- Find out what they know before you teach them. This will prevent reteaching what a pupil already knows.
- Remove drill from their lives. Bright pupils learn and retain a concept the first time it is presented to them. Allow them to move on to something else while you consolidate concepts with the rest of the class.
- Pace instruction at the rate of the learner. Pupils progress at different rates. Allow them to progress at their own rate.
- Use discovery learning techniques. Use Inductive Learning strategies to allow pupils to use thinking skills to reach conclusions.
- Allow them to arrive at answers in their own way. Bright pupils enjoy devising their own problem-solving techniques.
- Allow pupils to form their own cooperative learning groups. Avoid always making the brightest pupil in the group responsible for the whole group’s learning. Allow them to sometimes choose their own groups and work with other bright, motivated pupils.
- Design an individual education plan. This will cater to different learning rates.
- Teach them the art of argument. Since bright pupils have a tendency to argue anyway, teach them to understand when it is appropriate to argue and also to understand when it is appropriate to argue and also to understand the reaction of others to their argumentativeness.
- Allow pupils to observe. Provide pupils with opportunities to observe and don’t demand immediate answers.
- Be flexible in designing programmes. Provide your pupils with a variety of programme alternatives, such as independent study, special classes mentoring and enrichment and extension activities.
Thinking Strategies for the Successful Classroom, 9-11 Year Olds
Thinking Strategies for the Successful Classroom, 7-9 Year Olds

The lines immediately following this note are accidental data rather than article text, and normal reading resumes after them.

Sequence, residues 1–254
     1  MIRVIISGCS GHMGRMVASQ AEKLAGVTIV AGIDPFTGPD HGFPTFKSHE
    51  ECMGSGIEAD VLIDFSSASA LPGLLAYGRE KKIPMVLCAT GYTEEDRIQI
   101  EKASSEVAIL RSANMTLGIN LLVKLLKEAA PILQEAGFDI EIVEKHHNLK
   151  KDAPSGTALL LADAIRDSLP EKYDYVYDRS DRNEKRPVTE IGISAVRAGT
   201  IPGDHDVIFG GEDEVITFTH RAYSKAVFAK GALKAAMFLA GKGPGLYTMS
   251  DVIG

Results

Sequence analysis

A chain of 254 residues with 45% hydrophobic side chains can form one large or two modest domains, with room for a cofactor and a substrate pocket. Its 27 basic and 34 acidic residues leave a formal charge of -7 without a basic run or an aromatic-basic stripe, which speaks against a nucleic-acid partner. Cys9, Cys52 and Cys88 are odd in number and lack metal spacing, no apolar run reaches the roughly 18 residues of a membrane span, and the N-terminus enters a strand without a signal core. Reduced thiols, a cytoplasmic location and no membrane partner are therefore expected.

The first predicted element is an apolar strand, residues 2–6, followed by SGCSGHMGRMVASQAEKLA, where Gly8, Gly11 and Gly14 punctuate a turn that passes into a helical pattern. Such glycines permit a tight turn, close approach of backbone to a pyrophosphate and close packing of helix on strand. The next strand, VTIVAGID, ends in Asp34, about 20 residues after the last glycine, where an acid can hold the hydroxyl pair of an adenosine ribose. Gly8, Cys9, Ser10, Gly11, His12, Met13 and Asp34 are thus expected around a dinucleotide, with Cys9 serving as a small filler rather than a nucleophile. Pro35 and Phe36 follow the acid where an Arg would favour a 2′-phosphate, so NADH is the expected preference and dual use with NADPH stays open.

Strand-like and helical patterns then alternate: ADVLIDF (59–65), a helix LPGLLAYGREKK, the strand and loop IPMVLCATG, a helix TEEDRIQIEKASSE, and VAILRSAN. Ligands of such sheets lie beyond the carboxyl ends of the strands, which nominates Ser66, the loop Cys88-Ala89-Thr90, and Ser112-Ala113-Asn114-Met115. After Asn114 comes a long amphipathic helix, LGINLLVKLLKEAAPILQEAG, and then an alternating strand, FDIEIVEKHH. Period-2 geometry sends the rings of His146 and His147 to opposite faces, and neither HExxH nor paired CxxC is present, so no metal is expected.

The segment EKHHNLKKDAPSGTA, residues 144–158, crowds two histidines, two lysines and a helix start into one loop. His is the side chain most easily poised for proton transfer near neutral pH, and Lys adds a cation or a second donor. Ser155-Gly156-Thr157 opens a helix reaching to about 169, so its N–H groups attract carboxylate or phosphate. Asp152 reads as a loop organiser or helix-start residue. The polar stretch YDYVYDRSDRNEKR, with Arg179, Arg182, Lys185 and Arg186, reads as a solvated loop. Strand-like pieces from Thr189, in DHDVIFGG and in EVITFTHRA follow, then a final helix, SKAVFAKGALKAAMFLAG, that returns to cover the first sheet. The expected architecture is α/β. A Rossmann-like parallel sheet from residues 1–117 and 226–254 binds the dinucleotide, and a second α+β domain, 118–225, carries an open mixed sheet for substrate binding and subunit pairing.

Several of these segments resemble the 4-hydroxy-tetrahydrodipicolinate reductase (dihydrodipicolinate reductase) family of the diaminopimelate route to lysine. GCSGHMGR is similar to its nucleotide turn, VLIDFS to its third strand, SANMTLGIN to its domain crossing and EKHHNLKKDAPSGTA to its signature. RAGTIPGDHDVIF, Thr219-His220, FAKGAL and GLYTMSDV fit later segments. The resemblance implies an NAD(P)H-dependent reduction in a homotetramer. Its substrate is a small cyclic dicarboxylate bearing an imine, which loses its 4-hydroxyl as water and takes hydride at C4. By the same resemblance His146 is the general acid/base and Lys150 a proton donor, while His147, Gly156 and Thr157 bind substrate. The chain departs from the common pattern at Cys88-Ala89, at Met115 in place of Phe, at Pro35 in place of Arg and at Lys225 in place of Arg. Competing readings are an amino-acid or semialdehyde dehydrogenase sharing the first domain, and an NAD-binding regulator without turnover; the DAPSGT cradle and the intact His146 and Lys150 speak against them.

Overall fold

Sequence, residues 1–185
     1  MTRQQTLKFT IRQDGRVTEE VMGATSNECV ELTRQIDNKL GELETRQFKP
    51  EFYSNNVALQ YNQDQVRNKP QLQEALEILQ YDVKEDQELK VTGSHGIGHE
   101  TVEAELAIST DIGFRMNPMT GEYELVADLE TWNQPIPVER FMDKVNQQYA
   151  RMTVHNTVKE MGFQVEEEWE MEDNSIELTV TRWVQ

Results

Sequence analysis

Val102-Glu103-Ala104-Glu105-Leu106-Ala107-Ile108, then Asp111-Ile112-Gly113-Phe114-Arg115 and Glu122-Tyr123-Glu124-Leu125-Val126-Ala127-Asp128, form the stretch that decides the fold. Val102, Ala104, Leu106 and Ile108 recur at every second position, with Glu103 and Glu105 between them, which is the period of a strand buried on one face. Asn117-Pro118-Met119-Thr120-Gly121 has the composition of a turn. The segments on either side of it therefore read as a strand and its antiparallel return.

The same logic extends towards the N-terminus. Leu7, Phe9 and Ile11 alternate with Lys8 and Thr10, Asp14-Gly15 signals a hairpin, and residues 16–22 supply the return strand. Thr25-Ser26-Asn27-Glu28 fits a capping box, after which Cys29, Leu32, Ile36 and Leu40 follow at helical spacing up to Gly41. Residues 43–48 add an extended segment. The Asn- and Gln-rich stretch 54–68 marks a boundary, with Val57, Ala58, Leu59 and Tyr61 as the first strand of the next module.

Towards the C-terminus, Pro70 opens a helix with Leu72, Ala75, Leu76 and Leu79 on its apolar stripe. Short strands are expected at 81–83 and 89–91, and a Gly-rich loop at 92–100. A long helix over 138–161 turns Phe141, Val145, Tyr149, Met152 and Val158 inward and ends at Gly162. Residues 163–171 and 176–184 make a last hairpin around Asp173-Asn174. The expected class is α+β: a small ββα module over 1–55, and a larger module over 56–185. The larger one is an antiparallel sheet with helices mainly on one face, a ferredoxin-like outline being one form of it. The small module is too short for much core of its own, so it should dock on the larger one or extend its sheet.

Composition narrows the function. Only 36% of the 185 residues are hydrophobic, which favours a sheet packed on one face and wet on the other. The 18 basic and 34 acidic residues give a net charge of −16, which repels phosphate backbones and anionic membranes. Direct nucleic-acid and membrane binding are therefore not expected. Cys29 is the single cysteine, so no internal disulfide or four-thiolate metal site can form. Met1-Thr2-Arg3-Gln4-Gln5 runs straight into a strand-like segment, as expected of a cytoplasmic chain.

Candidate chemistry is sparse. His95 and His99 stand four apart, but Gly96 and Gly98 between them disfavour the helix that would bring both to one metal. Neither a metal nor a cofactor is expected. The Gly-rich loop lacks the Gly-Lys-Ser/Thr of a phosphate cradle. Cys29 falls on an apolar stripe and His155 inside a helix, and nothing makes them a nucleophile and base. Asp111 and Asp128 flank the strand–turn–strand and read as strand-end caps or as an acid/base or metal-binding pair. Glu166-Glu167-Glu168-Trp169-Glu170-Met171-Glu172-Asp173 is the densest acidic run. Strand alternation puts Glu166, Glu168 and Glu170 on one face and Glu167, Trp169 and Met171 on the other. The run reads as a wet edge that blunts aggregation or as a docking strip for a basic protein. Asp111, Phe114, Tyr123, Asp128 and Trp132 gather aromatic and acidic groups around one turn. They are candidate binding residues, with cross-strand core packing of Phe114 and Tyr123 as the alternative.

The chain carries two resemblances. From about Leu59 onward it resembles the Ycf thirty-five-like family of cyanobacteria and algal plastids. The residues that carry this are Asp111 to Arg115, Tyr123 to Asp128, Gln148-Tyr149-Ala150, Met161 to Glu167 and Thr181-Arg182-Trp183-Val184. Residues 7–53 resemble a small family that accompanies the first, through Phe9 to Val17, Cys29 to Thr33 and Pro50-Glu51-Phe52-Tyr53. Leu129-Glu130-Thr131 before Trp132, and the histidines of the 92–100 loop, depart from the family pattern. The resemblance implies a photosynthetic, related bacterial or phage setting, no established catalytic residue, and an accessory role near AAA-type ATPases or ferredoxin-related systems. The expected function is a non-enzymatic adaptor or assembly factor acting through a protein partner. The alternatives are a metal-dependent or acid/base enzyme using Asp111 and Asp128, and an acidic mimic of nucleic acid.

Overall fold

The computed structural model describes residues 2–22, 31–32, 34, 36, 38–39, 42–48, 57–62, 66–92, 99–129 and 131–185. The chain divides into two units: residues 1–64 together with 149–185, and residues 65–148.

Thinking Strategies for the Successful Classroom, 5-7 Year Olds
These ideas have been taken from Thinking Strategies for the Successful Classroom, published by Brilliant Publications. The series includes activities, teaching notes and photocopiable worksheets on a variety of classroom strategies. The activities included are designed to enrich and extend the thinking strategies of the entire class, with in-built opportunities to challenge the skills of the highest achievers.
A study carried out in the United States has shown that already by the age of 6 girls lose faith in their own abilities and see themselves as less talented than boys. The study showed that when children believed that hard work was the key to success both girls and boys were successful.
So what can schools do to encourage girls to believe that they will be successful?
One way is through promoting creative thinking. By asking questions where there are no correct answers and any input is valued, girls’ (and all children’s) confidence and self-esteem will increase.
I love this chart of learning theories. It is a fantastic summary of key innovators, opinions and perspectives.
I wish I had been given something similar when I was a student. I’m hoping that by posting it here I’ll be able to find it (if and) when my daughter starts her teacher training!
Sir Michael Wilshaw has said he is “suspicious” of head teachers who say that their ambition is to make children in their schools “happy”. Instead, he argues, the focus should be on making children resiliant.
Sir Michael also says that we should “talk up” the benefits of teaching more.
A study by Professor Kathy Sylva at the University of Oxford shows that children that who go to preschool are twice as likely to do AS levels.
Not only do they have a better grasp of language and numbers. They are also more effective learners, says Prof Sylva.
Here’s an interesting interview with Sir Ken Robinson. Sir Ken argues that it the current emphasis on standardised testing is killing creativity in our schools.
“Don’t ask children what they want to be when they grow up but what problems they want to solve. This changes the conversation from who do I want to work for, to what do I need to learn to be able to do that. ” Jaime Casap, Google Global Education Evangelist